Canadian Politics from Canada's Centre

Sunday, April 30, 2006

Privacy Policy for Email and RSS Subscribers

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This should have been done much earlier, but late is better than never, right? Or is that never is later than better? Well, anyways, I just wanted to formally institute our privacy policy with regards to our email and RSS subscribers. It's quite simple actually. Your information is not an "asset" of ours. It's yours, not to be disclosed, shared, sold and all that other legal mumbo-jumbo that means we won't pass your email on to spammers or anyone else.
Guided Tour: 3 Tools for You (Previous) - Tour Overview (back to start)
If you're wondering why I've said some readers come from this place or that place, it's just that I thought you might care to know who your fellow readers are, and also to let you know we're interested in you. It's kind of like letting your friend know he's reading an worthwhile publication, because the Prime Minister and the head of MENSA also read it.

Again, we're not passing on your personal information in any way shape or form. We understand that your private information is, well, private.

Related articles:
Help Wanted
Dear Readers
Reader Rewards and Loyalty Program
Some tools to help our readers

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Liberals Create Renewal Commissions

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The Liberal Party of Canada (LPC) is creating what it terms renewal comissions to help give the party a new direction and vision. Including MPs and grassroots militants (sorry, the mainstream media got me there... I meant to say 'activists'), the commissions are the Liberal party's answer to the Canadian Policy Wiki - an interactive way for Canadians to get involved in formulating policy.

"The goal [...] is to reach out to [...] Canadians across the country. This is especially important as we are faced with a leadership contest and need to be election-ready within a very short time period," said Mr. Michael Eizenga, the Liberal Party's President.

"Public policy work done by the Renewal Commission task forces will serve as a catalyst for discussions of policy process leading up to the Leadership Convention in Montreal in December."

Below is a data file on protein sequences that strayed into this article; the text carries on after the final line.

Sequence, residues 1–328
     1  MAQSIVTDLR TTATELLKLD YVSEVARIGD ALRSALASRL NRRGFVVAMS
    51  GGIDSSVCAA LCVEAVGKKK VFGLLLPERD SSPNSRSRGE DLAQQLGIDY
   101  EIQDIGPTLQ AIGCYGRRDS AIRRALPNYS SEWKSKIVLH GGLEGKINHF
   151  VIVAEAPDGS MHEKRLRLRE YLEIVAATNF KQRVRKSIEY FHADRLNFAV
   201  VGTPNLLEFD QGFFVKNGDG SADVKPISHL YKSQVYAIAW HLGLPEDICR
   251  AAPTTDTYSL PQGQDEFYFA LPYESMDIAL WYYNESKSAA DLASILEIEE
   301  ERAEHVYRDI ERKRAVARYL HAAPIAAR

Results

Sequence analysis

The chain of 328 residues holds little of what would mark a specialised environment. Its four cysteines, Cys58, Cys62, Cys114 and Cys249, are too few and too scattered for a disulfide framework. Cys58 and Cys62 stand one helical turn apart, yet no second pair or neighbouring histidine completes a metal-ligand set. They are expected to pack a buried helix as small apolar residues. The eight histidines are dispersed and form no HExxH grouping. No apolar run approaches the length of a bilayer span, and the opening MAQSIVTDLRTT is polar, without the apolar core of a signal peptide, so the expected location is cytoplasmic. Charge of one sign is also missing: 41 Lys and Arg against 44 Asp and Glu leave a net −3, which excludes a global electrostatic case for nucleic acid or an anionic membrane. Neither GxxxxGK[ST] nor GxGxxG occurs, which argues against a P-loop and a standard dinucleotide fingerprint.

Personally, I think this is a genius stroke from the Libs. They're integrating 'user generated content', as modern Web specialists call the interactive participation, into their traditional political structures and will likely come out strong as a bull pumped up on steroids if these commissions are run well. A sincere 'Bravo' to the Libs. If of course, they're being honest...

Related articles:
Canadian Political System
Liberal Frank McKenna resigns
Liberal and NDP bloggers fight
Interview with Nicolas Thibodeau, defeated NDP candidate in Mount-Royal

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Mediocre Media 2

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This is the second edition of the Mediocre Media, highlighting errors, bias, hidden agendas and other problems with the (usually mainstream-) media. Bloggers of all political stripes are welcome to submit posts for inclusion in the article. Here's all the information on submission guidelines and the easy process to have a post included in the Mediocre Media carnival. *Updated since first publishing*

I need to give special thanks to Ann "Dr Sanity" Santy and Gavriel "AbbaGav" Raanan for their great help in publicizing this, when it was still just a concept. On a related note, anyone interested in hosting this in the future should just contact me.
In addition, thankyous go out to the previous edition's contributors, namely
Joerg at Atlantic Review,
AbbaGav at AbbaGav,
My father at Mindware Dental Educational Seminars,
Jon Swift at Jon Swift,
Muse at Shiloh Musings,
Josh Cohen at Multiple Mentality, and finally
Barak at IRIS Blog.

Just before we begin, I'd like to invite you to see how I think bloggers might be empowered to fight the terrible Al Jazeera television network, which advocates violence and terrorism. In addition, I point you to new Centrerion: Canadian Politics writer Ilya's post on the NEFA Foundation, which has footage of pro-terrorism demonstrations.

This edition,